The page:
James A. Coleman and John Klapper
Effective Learning and Teaching in Modern Languages
Within Modern Languages, there is a long tradition of attention to the needs of learners, and of innovation in curriculum matters. This tradition springs partly from an awareness that language learners will always fall short of the skills routinely deployed by native speakers. It is also partly due to the inherent interdisciplinarity, which demands additional support for learning while inhibiting the teacher from settling into a comfortable disciplinary pattern. And in more recent times, innovation has been spurred by the need to attract students who now enjoy a vast choice of university subjects. This book brings together the fruits of that tradition to provide practical assistance for anyone teaching in Modern Languages in higher education. The editors have rightly identiﬁed language learning as their core concern.
A growing proportion of students of Modern Languages are concerned primarily with language learning, especially where language forms only one part of their degree programme, and where they wish to develop a language competence in support of their studies in another discipline. But however focused a learner is on mastering the language, they continually encounter the embeddedness of language in culture and society. This is a challenge, since language is always about something beyond the immediate task of understanding or producing sentences. It is also an enrichment, since the language learner comes to see the world in a more complex way, articulated in a language other than their own.
Language learning provides the context within which students of Modern Languages approach the associated disciplinary areas of linguistics, area studies, literature, cultural studies and business studies. This broad domain stretches over a substantial part of the remit of the UK Subject Centre for Languages, Linguistics and Area Studies, within the Higher Education Academy. Signiﬁcant parts of this remit go beyond the common concern of language students, and would take them into more specialized areas of study. But readers of this book will ﬁnd much to help them in the activities and information resources of the Subject Centre. A particularly valuable resource is the Good Practice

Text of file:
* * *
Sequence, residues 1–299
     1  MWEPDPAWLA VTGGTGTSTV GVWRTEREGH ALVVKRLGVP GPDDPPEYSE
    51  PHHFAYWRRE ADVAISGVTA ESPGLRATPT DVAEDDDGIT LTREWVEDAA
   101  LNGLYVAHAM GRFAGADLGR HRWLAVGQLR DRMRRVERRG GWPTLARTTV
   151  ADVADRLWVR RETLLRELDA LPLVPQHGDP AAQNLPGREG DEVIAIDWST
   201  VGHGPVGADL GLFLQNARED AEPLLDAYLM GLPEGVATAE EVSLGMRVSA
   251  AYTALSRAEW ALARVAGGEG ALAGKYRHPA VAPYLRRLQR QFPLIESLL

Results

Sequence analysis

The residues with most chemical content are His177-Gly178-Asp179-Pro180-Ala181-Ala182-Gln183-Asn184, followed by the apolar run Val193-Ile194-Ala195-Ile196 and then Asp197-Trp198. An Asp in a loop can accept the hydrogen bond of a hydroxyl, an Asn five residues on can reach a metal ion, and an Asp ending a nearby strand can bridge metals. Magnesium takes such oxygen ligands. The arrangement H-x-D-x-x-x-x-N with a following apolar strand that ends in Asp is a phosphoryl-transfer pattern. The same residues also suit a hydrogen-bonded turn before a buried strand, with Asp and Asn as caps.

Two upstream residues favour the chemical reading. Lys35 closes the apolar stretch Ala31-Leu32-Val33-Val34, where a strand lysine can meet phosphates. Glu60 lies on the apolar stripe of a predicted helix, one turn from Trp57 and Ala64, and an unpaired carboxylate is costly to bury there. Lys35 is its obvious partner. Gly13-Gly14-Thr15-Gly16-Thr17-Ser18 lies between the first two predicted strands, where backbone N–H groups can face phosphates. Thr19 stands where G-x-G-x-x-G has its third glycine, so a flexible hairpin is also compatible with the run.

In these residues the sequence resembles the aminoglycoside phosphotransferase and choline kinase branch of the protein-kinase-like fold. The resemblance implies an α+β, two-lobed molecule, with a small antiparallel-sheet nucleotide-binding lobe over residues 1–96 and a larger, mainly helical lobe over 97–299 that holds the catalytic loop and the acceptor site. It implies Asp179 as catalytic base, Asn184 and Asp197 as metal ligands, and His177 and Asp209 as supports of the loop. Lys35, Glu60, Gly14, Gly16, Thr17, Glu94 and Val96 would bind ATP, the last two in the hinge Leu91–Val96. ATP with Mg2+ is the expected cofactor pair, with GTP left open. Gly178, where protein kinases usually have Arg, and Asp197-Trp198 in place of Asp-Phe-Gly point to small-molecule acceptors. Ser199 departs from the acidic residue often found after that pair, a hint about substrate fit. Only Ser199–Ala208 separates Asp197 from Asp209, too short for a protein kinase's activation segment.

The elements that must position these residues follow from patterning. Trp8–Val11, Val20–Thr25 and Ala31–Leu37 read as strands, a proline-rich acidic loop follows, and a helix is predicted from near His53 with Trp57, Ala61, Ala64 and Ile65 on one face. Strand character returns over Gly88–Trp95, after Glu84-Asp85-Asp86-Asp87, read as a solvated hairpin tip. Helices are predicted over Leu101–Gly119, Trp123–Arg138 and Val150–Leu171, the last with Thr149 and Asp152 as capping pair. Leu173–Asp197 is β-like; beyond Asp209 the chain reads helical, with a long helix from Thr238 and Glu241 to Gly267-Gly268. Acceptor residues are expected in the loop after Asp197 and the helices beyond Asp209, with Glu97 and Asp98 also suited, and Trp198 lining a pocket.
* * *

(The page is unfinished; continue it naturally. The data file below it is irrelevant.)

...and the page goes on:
Guide, a collection of commissioned articles by recognized authorities in the ﬁeld. There are frequent references to it in the chapters of this book, and it xis available on the Subject Centre website (lang. Ltsn. Ac. Uk), along with a rich collection of teaching materials, extensive information, news and links related to learning and teaching in the three subject areas.
Modern Languages is one of the most interdisciplinary ﬁelds of study. The core activity of language learning leads away into almost every other ﬁeld of study. Students and teachers are constantly presented with the opportunity to immerse themselves in a neighbouring discipline. The resulting itineraries are a source of renewal for the subject, and I am sure that this book will assist teachers in Modern Languages to navigate the diverse landscape as it changes around them.
How should you be teaching language to your students? What techniques do the best teachers use? Tailored to meet the needs of teachers, lecturers and tutors of Modern Languages, this comprehensive guide will help you to improve your understanding of the subject and will also enhance your practice in the classroom.
Effective Learning and Teaching in Modern Languages offers insights from the latest research into learning and teaching within the discipline, and also outlines innovative teaching techniques, covering all the subjects critical to a lecturer of Modern Languages, including:
- the demands made of students and staff in Modern Languages;
- the ‘four skills’, assessment, grammar, vocabulary and translation;
- technology-enhanced learning;
- residence abroad;